How much more sorrow was she expected to endure? She had lost Etienne ten years ago and her parents a few years later. She had been forced into a loveless marriage to a man who had since died, leaving her in this precarious financial position. Marie spoke of a second marriage, but who would want a penniless widow? Her dowry, and now her inheritance as well, had all gone to pay for a sick man’s perversions. She shuddered, remembering Allain’s last visit. She would not mourn his loss.

When her father and mother had died, the wealth of Cherbourg had been split—half of Cherbourg’s value to her, but the title, the rest of the estate, her guardianship, and the management of her finances had passed to her Oncle Philippe. He had owed the Viscount D’Estrie some sort of boon, and had paid it with her hand in marriage, an unhappy marriage doomed to fail before it had even begun.

With Uncle Philippe’s death last fall, control of the estate and its income had passed to her aunt, the Countess Paulette, who was guardian of the estate and its heir, her twelve year old son, Sébastien. The boy was a fop, overly concerned with his appearance, dressed in the court’s latest fashion, the only thing in the world that seemed to hold his attention. The new Count de Cherbourg deferred to his mother for everything. Danielle could not expect any help from her young cousin.

Paulette meted out an allowance to Danielle, but the sum she would receive this year would not even cover half of the debt owing. While her aunt could not be considered a popular woman, she was a powerful one, with considerable influence. Danielle hoped she could use that influence to negotiate more reasonable terms.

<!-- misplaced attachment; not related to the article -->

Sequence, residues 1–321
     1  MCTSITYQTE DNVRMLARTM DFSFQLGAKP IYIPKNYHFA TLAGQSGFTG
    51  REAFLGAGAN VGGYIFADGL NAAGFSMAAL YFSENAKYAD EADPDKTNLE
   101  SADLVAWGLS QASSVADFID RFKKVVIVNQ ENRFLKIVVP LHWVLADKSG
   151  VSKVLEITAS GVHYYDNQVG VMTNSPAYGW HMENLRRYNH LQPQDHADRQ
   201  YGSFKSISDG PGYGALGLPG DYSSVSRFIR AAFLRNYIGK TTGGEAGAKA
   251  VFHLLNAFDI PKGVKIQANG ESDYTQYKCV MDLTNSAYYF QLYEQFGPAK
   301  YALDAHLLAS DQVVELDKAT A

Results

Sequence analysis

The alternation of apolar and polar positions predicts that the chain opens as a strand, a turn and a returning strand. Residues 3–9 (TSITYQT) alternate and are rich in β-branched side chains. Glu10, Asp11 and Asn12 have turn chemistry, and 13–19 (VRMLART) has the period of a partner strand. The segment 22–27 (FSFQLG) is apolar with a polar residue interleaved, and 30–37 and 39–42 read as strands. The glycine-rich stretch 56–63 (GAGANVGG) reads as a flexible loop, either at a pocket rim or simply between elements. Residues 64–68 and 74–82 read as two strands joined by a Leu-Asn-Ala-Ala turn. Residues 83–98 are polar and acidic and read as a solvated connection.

She shivered, hoping that those negotiated terms would be something she could handle with grace. She had learned only yesterday that the Chevalier De Flambeau had purchased Allain’s surety from the usurer. The idea of being obligated to such a man did not sit well with her. He had been Allain’s friend, but she had never liked him. She had caught him more than once, staring at her, lust evident on his face.

Danielle stood and closed her eyes. The roses were not yet in bloom, but in her mind, she could smell them as they had been the night of her sixteenth birthday. She leaned against the arbor wall, trying to hold back the tears of loneliness that slipped from her eyes. She had not felt whole since that night.

            “Madame,” a servant appeared before her, startling her back to reality. “There is a man here to see you. Shall I bring him out here or will you meet him in the parlor?”  Obviously, she thought, the parlor is his first choice since it would be easier for him to spy on us.

“Bring him out here, Marcel. I have no desire to go in yet.” The servant bowed, but the look on his face showed his displeasure.

Please, Lord, not another creditor, she prayed.

She used her lace handkerchief to dry the last of her tears. She straightened the skirt of her high-necked, black mourning dress and pulled a thin shawl over her shoulders.

“Hello, Elle. Do you remember me, old friend?”

Danielle’s head snapped up at the sound of a voice she would have recognized anywhere. Etienne! He had returned just as he had promised. Her heart leapt. She stared at the compelling man who stood before her, searching his face for the youth she remembered.

“Etienne, my God, is it really you?” This time the tears could not be held back and spilled down her cheeks.

You can purchase The captain’s Promise wherever ebooks are sold. It’s also available in paperback. You’ll find purchase links on my website.

Susanne Matthews

 

Don’t forget to check out the other  A to Z Blog Challenge offerings.